JournalistBack on January 15th I groaned in vague disappointment at the news that Jon Huntsman was leaving the race for the GOP presidential nomination. I say disappointment because after extensive research consisting of skimming a BBC News summary of the then-remaining hopefuls and my own analysis of the New Hampshire debate a week earlier, I had come to the conclusion that the former US Ambassador to China was by far our best hope for a sane and at least moderately-reliable President.

I say vague because something told me he would be back.

Well now, today, that very possibility seems to be materializing.

Mr. Huntsman is not actually mentioned in this article by Steve Holland, Journalist, but the mere specter of a brokered convention this August gives me hope that the door is still open for him to step up and lead our great country. (I understand that history does not paint a rosy picture for me here but I’m not one to base my political insights on things like reason and considered thought.)

The piece began with the helpful (for me) note that a brokered convention ‘could result in Republicans ditching their current crop of candidates and turning to someone else who they feel would have a better chance of defeating Democratic President Barack Obama in the November 6 election.’ Immediately I thought of this Bugs Bunny cartoon.

A month ago Romney seemed to be cruising above the rest of the field, his fellow combatants either dropping out (too little support, too much ass-grabbing) or simply rising and falling too easily with the demographic tides. Now, almost inexplicably, the staunchly staunch conservative who couldn’t even get re-elected in the Amish State has suddenly become the fly in Romney’s snake ointment, leading the Equitymeister in his own home state of Michigan. But, as the article states, ‘many senior Republicans do not think Santorum has a chance to beat Obama if he wins the party’s presidential nomination.

This is where Steve Holland, Journalist should start peppering the conversation with names like Jon, Huntsman, and Jon Huntsman. Instead (sigh) he brings up ‘two popular governors, Mitch Daniels of Indiana and Chris Christie of New Jersey’ – as if Steve Holland, Journalist knows something just because he ‘has worked for Reuters in Washington for 20 years, and spent 16 of those years at the White House covering Presidents Bush, Clinton and Bush. He covered the 2008 presidential campaign.’ (Source: Reuters) Furthering his anti-credentials, he then goes on to mention Jeb Bush. Seriously? Are things really that bad around the GOP campfire? Honestly, I don’t know a thing about Jeb except for the fact that his last name is Bush – which is enough for me to hope they keep looking. Congressman Paul Ryan’s name comes up next; I hear he spends as much time in the gym as Obama spends on the links, which may be a good campaigning point for both sides.

From here Steve Holland, Word Counter slips in two quick paragraphs headed by three words sure to start the Dems trembling in their PETA-approved wingtips: Palin Offers Help. On Fox Pravda, Steve Holland, Regurgitator reports, Palin said that if it comes down to a brokered convention she will do whatever she can to help fix it.

Finally we are offered an explanation as to how, since candidates win delegates based on the number of votes they receive in each state, the delegate count could be split among the candidates to the point where no one reaches the ‘magic number of 1,144’ needed to clinch the party nomination. What is not explained is why they don’t just count up the votes.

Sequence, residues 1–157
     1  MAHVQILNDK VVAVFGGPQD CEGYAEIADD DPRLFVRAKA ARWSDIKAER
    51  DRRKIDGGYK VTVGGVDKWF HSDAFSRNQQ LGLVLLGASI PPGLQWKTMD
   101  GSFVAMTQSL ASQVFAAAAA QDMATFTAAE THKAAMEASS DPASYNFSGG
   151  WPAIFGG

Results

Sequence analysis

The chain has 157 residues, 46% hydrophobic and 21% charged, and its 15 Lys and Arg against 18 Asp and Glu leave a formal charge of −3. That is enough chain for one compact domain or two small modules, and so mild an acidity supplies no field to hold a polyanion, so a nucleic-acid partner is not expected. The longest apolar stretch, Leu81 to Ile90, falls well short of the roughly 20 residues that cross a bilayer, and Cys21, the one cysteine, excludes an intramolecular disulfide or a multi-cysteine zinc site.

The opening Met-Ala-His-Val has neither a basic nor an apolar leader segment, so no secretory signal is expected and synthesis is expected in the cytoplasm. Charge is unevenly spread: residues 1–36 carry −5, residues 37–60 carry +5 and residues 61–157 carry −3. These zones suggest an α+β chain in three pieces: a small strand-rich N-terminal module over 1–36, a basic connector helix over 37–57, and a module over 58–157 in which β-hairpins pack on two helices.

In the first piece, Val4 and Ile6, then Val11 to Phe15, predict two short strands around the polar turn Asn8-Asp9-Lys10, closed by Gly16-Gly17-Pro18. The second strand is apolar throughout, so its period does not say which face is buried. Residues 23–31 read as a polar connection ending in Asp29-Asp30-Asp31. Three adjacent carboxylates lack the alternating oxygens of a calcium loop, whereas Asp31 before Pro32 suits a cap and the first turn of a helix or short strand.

Steve Holland, Political Genius, then posits the advantages of an outsider winning a brokered convention nomination. This guy’s rundown of the brokered convention of 1880, however, might be a tad more useful for a guy like Chris Christie.

Summing up the situation, Steve Holland, Seer, says this: ‘A staggered Romney could trigger a move to find a fresh face to run in a way that would avoid a brokered convention. There is still time for a candidate to get his or her name on the ballot for nominating contests in big states like California, New York and New Jersey.

Mr. Huntsman?

“If you see Romney lose Michigan, I think there is just going to be a cry for another candidate who is not Mitt Romney or Rick Santorum,” said Jennifer Duffy, a political analyst at the non-partisan Cook Political Report.

Mr. Huntsman!!

Convenience, Coffee & How We Use Our Time

In General Principles on February 12, 2012 at 2:27 pm

My New Year’s Resolution – the one about time-management – is slowly taking hold. (Thank you, I know, it’s a tough one.) After washing today’s lunch dishes in record time (only one thing broken) I jumped onto the pc, leaving the wife to play zookeeper with the boys since that is her job. Then I started plowing through a dozen critical, mindless tasks: checking my e-mail for that inevitable offer of employment (if they want me bad enough then yes, they will contact me on a Saturday); promoting the Staten Island Film Festival on facebook (if Broccoli can get 16,000 fans, this shouldn’t be that hard); and shamelessly throwing my work at the latest ‘Look at what a great writer I am!’ website, among other things.

My powers of concentration, or maybe denial, are strong enough to get all this done even as the boys are shoving plastic train tracks in each others’ ear canals. When the bigger one sticks his thumbs in his little brother’s eye sockets, however, it’s time for me to take a break from my assault on the world and give my wife a break from the world’s assault on her.

She came back an hour later, the blood vessels in her forehead having receded. I told her to relax for a while longer, setting the stage for my permissioned escape to Dunkin Donuts.